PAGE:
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Filmism.net Dispatch August 7, 2011

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What other kind of business venture returns a US$125 million investment eight times over in a matter of mere days? We all hear stories about how expensive it is to make films and how all but a select few will sink without a trace and lose their investors' shirts. But people keep making them hoping for the brass ring that is Harry Potter and the Deathly Hallows: Part 2, which this week passed the $1b mark after only two weeks in release.

And while it generates a round of awe among the film press, let's keep it all in perspective. The first film to cross the magic mark was Lord of the Rings: The Return of the King in 2003. Movie tickets in the US cost an average of $6.03, whereas today they're closer to $8. In Australia we get stung even worse, routinely paying upwards of $17. Tickets to films that cracked $1b like Avatar and Alice in Wonderland cost as much as a third to a half more again because of the 3D.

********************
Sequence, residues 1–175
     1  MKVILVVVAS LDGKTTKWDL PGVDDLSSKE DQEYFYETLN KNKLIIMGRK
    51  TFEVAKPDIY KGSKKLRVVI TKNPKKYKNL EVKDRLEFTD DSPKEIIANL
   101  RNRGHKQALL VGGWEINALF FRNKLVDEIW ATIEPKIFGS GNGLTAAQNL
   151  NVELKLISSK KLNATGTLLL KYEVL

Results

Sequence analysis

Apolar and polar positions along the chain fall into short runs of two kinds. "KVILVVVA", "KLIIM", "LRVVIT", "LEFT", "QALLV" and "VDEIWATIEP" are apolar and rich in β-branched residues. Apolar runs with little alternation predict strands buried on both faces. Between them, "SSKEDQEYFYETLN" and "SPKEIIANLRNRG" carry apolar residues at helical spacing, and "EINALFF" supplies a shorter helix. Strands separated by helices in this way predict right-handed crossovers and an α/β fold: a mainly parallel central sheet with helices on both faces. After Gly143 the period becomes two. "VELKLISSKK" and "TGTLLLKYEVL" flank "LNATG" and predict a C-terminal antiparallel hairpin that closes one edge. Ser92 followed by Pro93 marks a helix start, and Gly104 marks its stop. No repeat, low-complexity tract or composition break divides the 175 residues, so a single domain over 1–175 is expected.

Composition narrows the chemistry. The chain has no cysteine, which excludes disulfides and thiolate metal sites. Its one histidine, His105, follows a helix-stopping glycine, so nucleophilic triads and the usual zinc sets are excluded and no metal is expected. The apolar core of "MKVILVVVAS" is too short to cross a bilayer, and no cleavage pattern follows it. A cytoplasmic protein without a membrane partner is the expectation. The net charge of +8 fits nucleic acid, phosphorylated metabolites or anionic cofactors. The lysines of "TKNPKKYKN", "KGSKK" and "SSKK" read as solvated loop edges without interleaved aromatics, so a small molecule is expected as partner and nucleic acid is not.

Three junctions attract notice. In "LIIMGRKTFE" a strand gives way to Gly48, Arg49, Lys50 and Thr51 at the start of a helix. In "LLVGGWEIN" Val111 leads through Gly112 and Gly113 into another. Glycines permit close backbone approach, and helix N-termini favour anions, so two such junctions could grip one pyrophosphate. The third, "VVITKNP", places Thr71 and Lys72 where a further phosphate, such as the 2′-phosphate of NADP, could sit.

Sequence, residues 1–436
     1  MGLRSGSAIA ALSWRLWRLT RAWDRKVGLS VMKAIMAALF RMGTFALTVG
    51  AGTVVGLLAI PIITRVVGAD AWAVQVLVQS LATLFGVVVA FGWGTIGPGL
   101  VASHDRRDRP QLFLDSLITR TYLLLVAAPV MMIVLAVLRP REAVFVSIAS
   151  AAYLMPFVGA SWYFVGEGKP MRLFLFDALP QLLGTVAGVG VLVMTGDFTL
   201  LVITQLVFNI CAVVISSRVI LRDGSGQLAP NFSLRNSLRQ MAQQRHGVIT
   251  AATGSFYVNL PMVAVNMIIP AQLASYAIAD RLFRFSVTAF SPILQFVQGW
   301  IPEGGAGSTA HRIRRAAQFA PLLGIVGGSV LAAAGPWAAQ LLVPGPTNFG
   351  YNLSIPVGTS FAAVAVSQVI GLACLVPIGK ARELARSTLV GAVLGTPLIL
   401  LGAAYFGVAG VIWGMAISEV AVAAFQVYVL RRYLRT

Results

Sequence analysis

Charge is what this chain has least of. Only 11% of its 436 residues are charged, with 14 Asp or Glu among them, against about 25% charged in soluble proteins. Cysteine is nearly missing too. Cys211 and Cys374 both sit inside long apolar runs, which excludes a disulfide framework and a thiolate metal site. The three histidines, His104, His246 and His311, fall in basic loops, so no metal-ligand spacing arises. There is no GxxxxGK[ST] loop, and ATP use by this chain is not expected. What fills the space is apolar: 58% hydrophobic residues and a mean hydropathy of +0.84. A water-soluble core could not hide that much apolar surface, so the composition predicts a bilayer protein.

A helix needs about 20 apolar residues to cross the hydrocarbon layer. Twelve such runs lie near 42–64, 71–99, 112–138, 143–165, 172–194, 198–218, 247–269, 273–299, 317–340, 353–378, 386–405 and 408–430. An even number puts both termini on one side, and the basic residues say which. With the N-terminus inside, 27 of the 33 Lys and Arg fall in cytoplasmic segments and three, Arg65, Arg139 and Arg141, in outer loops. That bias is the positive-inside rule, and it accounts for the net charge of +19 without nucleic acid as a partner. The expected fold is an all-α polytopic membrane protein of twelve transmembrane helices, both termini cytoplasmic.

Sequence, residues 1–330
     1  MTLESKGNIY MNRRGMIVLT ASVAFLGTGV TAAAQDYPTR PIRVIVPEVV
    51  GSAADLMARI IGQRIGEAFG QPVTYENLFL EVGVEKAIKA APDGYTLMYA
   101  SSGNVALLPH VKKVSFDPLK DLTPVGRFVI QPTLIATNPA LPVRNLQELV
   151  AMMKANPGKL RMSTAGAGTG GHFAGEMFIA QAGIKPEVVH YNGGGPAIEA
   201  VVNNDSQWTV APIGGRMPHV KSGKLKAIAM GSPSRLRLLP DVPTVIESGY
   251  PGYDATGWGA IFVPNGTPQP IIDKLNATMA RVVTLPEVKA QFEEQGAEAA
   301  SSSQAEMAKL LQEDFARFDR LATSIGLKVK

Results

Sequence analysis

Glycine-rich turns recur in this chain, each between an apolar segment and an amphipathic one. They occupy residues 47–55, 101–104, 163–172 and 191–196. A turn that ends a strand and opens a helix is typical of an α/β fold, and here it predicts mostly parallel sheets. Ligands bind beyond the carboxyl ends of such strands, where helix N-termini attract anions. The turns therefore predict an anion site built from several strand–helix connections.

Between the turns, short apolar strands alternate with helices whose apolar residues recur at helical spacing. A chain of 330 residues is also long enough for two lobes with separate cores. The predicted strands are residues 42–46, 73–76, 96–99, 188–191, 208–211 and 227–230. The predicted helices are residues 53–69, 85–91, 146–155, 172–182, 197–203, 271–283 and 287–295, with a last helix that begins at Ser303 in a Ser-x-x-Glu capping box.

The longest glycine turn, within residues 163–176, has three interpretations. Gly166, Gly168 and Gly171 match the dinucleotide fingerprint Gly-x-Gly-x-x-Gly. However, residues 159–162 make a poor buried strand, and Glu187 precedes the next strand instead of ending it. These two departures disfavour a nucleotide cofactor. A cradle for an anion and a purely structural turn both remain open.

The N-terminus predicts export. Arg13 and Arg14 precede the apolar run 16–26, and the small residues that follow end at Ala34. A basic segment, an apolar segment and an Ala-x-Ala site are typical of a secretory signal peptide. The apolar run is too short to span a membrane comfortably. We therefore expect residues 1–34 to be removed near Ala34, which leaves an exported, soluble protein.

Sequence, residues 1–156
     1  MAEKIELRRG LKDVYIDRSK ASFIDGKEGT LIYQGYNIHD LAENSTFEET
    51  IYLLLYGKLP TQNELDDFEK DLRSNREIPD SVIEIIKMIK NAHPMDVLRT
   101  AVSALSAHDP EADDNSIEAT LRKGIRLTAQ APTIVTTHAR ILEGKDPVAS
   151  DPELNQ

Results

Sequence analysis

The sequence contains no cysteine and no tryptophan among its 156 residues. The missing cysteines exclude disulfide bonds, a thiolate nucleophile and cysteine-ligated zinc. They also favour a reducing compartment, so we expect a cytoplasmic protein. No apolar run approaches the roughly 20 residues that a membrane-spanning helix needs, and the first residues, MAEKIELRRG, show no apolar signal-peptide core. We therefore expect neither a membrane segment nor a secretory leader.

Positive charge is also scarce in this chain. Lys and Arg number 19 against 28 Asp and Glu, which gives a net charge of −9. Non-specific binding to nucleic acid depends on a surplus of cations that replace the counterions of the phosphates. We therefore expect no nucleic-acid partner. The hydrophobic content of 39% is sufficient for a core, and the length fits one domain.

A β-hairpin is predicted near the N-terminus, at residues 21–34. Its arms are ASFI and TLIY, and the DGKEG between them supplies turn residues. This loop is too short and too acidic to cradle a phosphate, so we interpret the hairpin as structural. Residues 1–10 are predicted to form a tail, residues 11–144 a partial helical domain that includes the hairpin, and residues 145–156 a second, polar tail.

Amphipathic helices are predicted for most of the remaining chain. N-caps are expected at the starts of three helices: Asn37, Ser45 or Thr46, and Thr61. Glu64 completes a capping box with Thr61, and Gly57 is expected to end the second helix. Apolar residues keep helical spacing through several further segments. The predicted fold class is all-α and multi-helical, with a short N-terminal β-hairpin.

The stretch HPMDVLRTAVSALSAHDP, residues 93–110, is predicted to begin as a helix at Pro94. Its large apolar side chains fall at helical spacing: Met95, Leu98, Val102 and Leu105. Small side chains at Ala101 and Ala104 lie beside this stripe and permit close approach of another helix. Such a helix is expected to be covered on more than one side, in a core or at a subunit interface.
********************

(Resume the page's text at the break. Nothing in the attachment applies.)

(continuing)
And even if movie attendance is shrinking as a proportion of total media consumption, there are more members within it. There were 6.315 billion people in the world when Return of the King came out. This year our species will give birth to it's seven billionth member. Extrapolate that to people in the moviegoing age group in the developed world.

So let's keep these behemoths in perspective and remember that if we want films to inspire us and contribute to society and culture instead of just stock prices, we need good stories more than billion dollar hauls.

George Lucas might have kept this in mind, finally leaving Star Wars alone for enough blessed minutes to give us his take on the struggles of African American airmen during World War II in Red Tails. See the (Star Wars-esque) trailer here.

I also watched a classic decade-defining film for the first time recently, Valley Girl – a time capsule on celluloid.

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